Hands on: Nikon D4s

May 30th, 2014 | by Wilson Wong


Like all flagship models, the Nikon D4s is the Japanese camera maker’s showpiece at the moment, an attempt to create buzz for its other less feature-packed brethren.

An updated version of the D4, the new D4s is more about improvements in the software department rather than a dramatic hardware overhaul. You can say Nikon is sticking to the tried and tested of its predecessor.

Outwardly, there isn’t much difference and most of the improvements are within the camera body. With the faster Expeed 4 processor that allows a much faster and more accurate focus tracking of moving objects, the D4s is better at shooting sporting events and wildlife.

The reaction time of the camera from focusing to shutter trigger is also close to instantaneous. This means shots are not lost. Nikon, however, has delayed the focus lock time by 0.5 seconds. It may seem counter-intuitive at first but it does contribute to fewer mis-focused shots, without slowing down the camera operation.

The grey heron at the moment of lift off, a shot made possible courtesy of the lightning quick D4s focus tracking and high frame rate.

The sea lion about the devour its fish snack from its trainer.

Another moment quickly captured as the butterfly rests on the snail and the camera nailed the focus and the moment in one instance.

ISO Performance has also been boosted to ISO25600. As expected from the mother of all Nikon cameras, it is nothing short of breathtaking. Shots taken from ISO2000 onwards to ISO6400 show very little ISO noise.

I always advocate using the lowest ISO settings in a given shooting scene so anything more than ISO3200 is more of a luxury rather than necessity. That’s unless you are pairing the camera with lenses that are not as fast (those with aperture of f3.5 or higher).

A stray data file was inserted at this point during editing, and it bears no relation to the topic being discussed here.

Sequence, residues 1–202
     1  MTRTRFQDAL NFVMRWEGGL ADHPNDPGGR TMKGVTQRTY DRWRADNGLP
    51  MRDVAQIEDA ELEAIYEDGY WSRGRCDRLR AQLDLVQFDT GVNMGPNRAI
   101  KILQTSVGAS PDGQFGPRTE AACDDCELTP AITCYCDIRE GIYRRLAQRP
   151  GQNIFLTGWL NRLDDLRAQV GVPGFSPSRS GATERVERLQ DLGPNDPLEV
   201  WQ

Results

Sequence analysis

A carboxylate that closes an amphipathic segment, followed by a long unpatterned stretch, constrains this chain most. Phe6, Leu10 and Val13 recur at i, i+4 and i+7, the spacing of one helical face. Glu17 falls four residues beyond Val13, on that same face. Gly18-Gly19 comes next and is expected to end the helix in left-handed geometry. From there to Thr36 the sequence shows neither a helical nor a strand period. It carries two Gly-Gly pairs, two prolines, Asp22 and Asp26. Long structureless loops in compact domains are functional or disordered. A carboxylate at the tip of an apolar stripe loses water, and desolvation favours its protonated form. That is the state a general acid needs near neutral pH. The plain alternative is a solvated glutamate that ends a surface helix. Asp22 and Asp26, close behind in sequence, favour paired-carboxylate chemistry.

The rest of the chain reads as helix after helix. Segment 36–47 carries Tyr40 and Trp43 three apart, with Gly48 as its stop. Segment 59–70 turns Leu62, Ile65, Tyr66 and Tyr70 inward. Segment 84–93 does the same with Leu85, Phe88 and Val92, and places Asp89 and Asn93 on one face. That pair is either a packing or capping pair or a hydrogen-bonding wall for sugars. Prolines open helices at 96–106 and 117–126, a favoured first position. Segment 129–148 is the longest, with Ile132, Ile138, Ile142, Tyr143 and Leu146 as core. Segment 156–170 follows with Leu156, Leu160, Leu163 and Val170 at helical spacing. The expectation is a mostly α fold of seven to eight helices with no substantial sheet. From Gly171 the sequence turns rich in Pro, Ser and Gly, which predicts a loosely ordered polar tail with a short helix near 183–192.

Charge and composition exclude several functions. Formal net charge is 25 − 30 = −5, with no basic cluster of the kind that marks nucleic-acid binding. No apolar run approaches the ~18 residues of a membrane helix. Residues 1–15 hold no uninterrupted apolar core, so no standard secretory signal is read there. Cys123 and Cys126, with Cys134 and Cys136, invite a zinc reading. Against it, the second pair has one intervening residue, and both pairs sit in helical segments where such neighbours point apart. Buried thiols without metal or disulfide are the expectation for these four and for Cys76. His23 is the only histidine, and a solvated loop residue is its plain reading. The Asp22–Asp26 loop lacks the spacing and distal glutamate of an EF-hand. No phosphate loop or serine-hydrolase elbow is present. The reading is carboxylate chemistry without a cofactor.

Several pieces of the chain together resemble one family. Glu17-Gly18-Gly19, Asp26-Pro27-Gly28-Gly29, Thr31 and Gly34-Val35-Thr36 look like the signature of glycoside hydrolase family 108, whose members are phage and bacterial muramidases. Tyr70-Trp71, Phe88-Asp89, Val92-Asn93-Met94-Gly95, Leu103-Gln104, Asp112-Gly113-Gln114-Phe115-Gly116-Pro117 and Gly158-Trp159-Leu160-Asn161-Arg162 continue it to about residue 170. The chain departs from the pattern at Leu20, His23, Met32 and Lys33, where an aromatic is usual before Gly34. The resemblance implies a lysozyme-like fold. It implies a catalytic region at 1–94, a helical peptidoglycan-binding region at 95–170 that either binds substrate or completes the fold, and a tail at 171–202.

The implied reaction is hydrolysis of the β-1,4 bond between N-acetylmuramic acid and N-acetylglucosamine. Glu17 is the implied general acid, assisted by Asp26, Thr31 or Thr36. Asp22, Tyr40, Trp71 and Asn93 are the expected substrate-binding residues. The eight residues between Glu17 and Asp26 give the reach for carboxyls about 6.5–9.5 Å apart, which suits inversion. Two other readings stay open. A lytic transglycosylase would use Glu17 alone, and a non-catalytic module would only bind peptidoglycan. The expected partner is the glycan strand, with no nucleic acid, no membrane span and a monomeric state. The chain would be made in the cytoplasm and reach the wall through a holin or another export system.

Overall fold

Most advanced enthusiasts and professionals will be using f2.8 lenses instead and that helps with using a lower ISO setting and much better image quality overall. For the Nikon D4s, the maximum ISO I would use is ISO6400 despite the higher ISO limit of ISO25600. Like I said, the noise-free high ISO settings are a luxury.

As expected, the ISO1600 setting on the D4s has churned out images with clarity and good colour rendition. Noise artifact is very little or close to non-existent.

During my tests, the Nikon D4s did particularly well on a day of shooting various subjects. It has no issues handling rapid shutter exposures at 11 frames per second, focus tracking and optical stabilisation, and still has some battery life left at the end of the day. This is thanks to the new 2,500mAh EN-EL18a power pack, which should make shooting events a painless task.

Human subjects shot with Lomography Petzval lens. Despite the warmer white balance, the skin tone is quite good.

Yet another user-centric feature that Nikon has included in the D4s is a file format that promises to make life easier for folks who want good good quality images but with a smaller file size. The camera supports RAW-s, a 12-bit file format that aims to provide uncompressed image quality, as regular RAW files do, but at slightly lower resolution of 2,646 x 1,640.

That’s a good feature to have but users might still be okay with the basic RAW files churned out by the D4s. After all, its 16-megapixel sensor produces 20MB RAW files, which are still acceptable, given the fast data transfer rates of the best CompactFlash cards out there.

Perhaps the lightweight file format might be useful for users of the Nikon D800/800E, which has 36MP sensors that create even bigger file sizes. Smaller file sizes will help speed things up.

On the whole, the D4s has some upgrades that might interest some users, but whether they make a difference to you depends on what you do with it.

Consider the faster focus tracking and the reaction speed of the camera. These may be critical to professional sports photographers or avid wildlife enthusiasts, who could find the reason for a S$8,799 upgrade.

However, to many other less demanding users, the improvements might seem minute. For me, that’s certainly the case, going by my past experience with a Nikon D4.

Yet another Nikon upgrade – better image quality throughout the higher ISO range – might not matter that much to me as well. ISO6400 is still the maximum I would use for the best shots.

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